- Evaluate uses and abuses of language, i.e., emotive language, slanters, innuendos, weaslers, etc.
By announcing the expected learning outcomes, faculty can meet agreed-upon standards while at the same time having the freedom to design their courses as they wish.
Another problem that online syllabi are intended to solve is the excessive dropping and adding of courses as students “shop around” early in the semester. Young said that his school is addressing that issue more directly by limiting students to only five class withdrawals during their academic career. That rule has reduced withdrawals from between 12 to 15 percent of enrollments to roughly two percent.
Young says that getting all the departments to post syllabi for all courses was something of a “struggle—not so much philosophical as logistical.” Or, in the words of Perry Massey, senior associate vice chancellor for academic affairs, there is frequently “a little foot-dragging” by professors when it comes to submitting their syllabi for posting, “but they get it done eventually.”
Fayetteville State appears to be the only one of the 16 UNC campuses that has instituted a mandatory posting policy, even though the overall approach has the endorsement of UNC president Erskine Bowles and was discussed at a meeting of the system’s chief academic officers last fall.
Some officials at other UNC universities recognize that providing more information for students and the public is a legitimate need, although they haven’t made it mandatory.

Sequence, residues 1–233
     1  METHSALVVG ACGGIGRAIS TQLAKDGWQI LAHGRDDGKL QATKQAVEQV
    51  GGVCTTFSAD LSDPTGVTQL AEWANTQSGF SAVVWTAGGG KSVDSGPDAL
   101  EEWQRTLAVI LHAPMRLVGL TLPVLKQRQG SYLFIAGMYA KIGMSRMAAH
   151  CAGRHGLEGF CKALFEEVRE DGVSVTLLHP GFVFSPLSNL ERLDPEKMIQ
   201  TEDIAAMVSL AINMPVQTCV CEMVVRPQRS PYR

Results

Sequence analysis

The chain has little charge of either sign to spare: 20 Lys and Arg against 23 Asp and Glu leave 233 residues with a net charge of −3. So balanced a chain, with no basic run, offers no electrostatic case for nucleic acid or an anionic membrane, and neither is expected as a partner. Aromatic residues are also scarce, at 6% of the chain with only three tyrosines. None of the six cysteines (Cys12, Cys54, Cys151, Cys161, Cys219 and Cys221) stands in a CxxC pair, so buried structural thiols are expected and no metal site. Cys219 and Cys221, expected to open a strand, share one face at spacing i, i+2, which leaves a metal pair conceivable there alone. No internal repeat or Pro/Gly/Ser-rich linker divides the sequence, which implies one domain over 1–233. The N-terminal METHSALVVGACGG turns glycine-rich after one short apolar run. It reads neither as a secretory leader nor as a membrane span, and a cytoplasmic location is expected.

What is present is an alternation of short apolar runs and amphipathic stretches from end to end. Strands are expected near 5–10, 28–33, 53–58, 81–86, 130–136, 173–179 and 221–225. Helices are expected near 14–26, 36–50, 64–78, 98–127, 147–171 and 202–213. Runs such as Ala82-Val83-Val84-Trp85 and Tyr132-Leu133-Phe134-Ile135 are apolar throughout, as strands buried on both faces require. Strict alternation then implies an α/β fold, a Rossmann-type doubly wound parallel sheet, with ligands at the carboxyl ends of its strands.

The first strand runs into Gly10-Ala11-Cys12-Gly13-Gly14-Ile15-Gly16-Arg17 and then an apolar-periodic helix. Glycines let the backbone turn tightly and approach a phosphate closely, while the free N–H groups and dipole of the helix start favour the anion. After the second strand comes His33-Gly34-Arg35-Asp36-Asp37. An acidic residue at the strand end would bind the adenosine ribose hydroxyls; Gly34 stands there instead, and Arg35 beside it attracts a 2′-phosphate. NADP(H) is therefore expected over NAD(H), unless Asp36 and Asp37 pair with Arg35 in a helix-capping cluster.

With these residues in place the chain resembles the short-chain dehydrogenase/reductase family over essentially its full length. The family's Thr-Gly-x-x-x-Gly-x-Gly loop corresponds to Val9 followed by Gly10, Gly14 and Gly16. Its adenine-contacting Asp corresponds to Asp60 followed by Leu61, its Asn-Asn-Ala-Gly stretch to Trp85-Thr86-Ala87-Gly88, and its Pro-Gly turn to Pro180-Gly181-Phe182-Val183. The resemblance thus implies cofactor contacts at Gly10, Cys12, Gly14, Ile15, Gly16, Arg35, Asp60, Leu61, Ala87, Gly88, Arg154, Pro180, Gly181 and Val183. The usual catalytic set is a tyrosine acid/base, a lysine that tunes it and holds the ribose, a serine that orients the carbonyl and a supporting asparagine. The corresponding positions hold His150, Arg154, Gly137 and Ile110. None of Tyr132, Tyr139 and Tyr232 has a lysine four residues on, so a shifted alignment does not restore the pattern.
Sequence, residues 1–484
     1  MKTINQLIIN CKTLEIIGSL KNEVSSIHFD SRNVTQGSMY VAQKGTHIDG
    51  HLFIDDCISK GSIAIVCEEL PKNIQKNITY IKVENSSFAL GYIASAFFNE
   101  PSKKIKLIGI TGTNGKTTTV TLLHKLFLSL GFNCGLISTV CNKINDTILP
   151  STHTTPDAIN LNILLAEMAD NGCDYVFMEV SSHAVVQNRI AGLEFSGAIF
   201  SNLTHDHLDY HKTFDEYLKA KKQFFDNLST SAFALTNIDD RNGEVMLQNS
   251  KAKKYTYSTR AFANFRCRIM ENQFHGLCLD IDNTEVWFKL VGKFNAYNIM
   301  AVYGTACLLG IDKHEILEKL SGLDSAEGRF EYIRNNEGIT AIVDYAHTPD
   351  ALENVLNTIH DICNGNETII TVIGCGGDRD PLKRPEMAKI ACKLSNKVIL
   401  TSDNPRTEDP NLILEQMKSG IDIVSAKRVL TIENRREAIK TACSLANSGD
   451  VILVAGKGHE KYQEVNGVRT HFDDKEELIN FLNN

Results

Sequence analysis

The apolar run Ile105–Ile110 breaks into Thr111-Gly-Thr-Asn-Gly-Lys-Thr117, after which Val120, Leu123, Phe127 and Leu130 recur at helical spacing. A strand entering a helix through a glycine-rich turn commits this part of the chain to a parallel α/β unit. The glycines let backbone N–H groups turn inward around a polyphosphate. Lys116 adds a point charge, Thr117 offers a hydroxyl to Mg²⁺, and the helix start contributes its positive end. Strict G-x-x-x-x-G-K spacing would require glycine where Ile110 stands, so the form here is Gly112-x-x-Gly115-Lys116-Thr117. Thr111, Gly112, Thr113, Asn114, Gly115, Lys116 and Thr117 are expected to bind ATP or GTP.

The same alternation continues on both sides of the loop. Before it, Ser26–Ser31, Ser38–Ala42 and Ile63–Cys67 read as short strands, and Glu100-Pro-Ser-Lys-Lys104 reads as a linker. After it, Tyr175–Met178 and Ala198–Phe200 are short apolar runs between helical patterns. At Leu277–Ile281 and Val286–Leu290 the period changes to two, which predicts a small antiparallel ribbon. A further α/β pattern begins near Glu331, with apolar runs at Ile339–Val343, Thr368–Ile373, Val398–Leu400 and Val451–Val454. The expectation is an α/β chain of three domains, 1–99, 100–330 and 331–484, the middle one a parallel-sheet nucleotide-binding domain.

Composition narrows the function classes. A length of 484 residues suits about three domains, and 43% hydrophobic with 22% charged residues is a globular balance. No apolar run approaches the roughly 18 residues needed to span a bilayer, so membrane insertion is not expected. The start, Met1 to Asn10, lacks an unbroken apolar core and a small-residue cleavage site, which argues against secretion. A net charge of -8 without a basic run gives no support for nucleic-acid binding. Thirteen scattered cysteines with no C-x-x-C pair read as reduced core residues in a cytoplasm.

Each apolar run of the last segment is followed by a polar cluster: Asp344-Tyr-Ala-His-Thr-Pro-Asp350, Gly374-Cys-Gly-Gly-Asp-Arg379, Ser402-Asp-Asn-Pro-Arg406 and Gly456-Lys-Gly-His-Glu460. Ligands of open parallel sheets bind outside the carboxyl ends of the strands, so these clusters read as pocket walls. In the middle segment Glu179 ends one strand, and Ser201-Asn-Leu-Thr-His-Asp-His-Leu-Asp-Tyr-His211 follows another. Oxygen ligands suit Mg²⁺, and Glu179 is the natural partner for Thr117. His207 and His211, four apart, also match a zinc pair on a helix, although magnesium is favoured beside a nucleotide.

- Warwick A. Arden, the former interim provost at NC State, told the Pope Center that the university is “committed to the underlying goals” of the Pope Center report recommending syllabi posting. He said that in early 2009, NC State began a more information-filled system, which supplies to the general public: “longer more accurate course descriptions, links to required textbooks, restrictions and prerequisites.” The school also provides faculty with a web-based “syllabus tool” that facilitates the preparation of syllabi.
- Harold Martin, chancellor of North Carolina A&T University, also agrees with the idea of posting syllabi. “I believe the Pope Center recommendation is a great idea and I am supportive of it,“ he wrote to the Pope Center.
While only one of the UNC system’s campuses has the policy, one state legislature has made it mandatory for all its state universities. In 2009, the Texas legislature unanimously passed a law mandating the publication of syllabi—one that even requires the posting of student evaluations. That law got its start, reported David Koon for the Pope Center, when a student at the University of Texas at Austin was surprised to discover that her course on “Communication and Religion” was about esoteric cults such as Wiccans and Heaven’s Gate. The student happened to work for a Texas legislator, who championed the reform.
The law, whose requirements go into effect this fall, has been somewhat controversial with faculty members. Writing in the Dallas Morning News, Leigh Munsil quoted Murray Leaf, a faculty member at the University of Texas at Dallas as saying that the law reflects “an insulting mistrust” of faculty.
In contrast, faculty seem to be upbeat about the idea in North Carolina. The Pope Center found that 65 per cent of the faculty members it surveyed favor posting syllabi. We hope it will become system-wide policy sometime soon.